Keith A. Lord is a global chef with a creative and conscientious approach to food. He strives to reduce waste by rescuing imperfect produce from local farmers, regrowing watercress in coolers behind the catering kitchen, and turning kitchen “trash” into treasure.
Lord says he’s motivated by an abiding respect for food—and sees waste as a personal challenge. He credits his principled approach to cooking in two formative kitchens: one in Hawaii, where the majority of ingredients came out of the water, and another in San Francisco, where the fridge was packed to the brim with local produce each week. His mission was to use every last morsel so the kitchen could start over again with fresh ingredients the following Monday.
In the catering and restaurant world, waste is a reality, but implementing simple and inventive practices make a positive impact. Lord says one of the easiest methods to reduce waste is to consider the potential of kitchen scraps that would otherwise be bound for the bin. Strawberry tops are incorporated into tapenade, carrot greens are transformed into pesto, and charred onion scraps become a sweet and decorative ash to top shots of Mexican street corn.
Some of the most eye-catching dishes have been inspired almost entirely by cast-offs, like the Tuscan Five-Spice Grouper with seasoning crafted from bruised mint, citrus peels, and vanilla pods and a root vegetable peel salad. “It’s a beautiful dish, and most of the flavor comes from scraps,” says Lord.
But the most dynamic presentation of waste reduction might be the painted tablescapes—lively food installations highlighting deconstructed takes on savory and sweet dishes ranging from cassoulet to peach cobbler. The experience unfolds like a flash mob performance, where elements of the dish are strewn and swirled across the table covered in recycled paper. Guests scoop up bites with edible implements like toast or doughnuts. There’s no cutlery or plates involved, and practically no waste.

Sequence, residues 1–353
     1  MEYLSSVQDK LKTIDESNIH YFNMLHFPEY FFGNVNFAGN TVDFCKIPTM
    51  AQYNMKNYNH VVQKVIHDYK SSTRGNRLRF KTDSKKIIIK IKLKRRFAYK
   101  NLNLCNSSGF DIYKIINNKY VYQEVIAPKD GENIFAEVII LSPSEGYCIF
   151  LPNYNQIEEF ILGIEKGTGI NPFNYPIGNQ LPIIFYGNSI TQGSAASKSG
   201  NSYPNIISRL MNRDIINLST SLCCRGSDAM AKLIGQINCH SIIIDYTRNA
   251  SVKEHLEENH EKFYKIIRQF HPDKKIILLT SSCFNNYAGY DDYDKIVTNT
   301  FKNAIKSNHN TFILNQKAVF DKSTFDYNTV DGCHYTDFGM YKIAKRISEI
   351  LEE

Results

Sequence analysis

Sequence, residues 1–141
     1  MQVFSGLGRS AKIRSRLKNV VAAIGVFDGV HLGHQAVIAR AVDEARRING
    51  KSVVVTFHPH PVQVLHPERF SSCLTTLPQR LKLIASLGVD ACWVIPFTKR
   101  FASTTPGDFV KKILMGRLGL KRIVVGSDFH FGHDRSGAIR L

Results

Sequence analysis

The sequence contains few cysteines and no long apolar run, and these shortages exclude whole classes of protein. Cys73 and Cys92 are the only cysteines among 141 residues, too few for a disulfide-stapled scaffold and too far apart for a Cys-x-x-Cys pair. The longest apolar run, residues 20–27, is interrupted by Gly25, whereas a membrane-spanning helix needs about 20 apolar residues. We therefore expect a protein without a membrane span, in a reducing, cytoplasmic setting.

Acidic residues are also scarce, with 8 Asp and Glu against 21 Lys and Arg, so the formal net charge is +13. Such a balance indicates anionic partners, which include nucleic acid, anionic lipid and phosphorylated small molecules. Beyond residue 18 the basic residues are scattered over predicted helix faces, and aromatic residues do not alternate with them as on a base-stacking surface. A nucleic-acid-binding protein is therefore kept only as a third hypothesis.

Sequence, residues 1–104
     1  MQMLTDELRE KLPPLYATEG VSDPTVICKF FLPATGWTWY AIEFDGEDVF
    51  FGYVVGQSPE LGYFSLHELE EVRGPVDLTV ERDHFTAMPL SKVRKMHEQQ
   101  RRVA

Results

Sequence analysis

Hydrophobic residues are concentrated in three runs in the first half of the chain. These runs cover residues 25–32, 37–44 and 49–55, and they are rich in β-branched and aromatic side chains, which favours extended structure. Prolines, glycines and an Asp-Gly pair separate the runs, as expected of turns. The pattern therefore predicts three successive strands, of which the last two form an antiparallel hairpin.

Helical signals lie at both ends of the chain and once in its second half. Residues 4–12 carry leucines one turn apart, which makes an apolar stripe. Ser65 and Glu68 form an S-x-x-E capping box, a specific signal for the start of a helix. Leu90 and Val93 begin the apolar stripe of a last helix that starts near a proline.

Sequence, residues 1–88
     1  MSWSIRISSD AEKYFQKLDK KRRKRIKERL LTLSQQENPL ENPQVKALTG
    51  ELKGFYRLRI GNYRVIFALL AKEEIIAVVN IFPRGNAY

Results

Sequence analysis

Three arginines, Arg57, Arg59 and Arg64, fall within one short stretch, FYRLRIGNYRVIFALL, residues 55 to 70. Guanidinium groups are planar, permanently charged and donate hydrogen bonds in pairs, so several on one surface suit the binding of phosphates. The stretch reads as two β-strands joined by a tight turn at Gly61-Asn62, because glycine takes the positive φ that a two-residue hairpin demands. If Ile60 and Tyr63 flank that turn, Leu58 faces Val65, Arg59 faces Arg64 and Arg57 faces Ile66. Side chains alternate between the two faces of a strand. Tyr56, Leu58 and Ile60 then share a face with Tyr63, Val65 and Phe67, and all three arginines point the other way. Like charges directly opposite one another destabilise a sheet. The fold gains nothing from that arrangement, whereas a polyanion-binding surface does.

With time and creativity, it’s possible for every chef and home cook to reduce waste and use ingredients to their full potential.
This beautiful recipe makes the most of bruised or leftover herbs and citrus. Feel free to substitute other local fish.
Don't throw away that discolored avocado or the juice left in your feta container. This recipe from chef Keith Lord will turn your scraps into a luscious dressing.
Instead of throwing away your potato peels, make a batch of these addictively crunchy, umami-rich snacks.
This article updated from its original version. Published in the print edition of Edible San Diego's spring 2019 issue.
Available to read online here.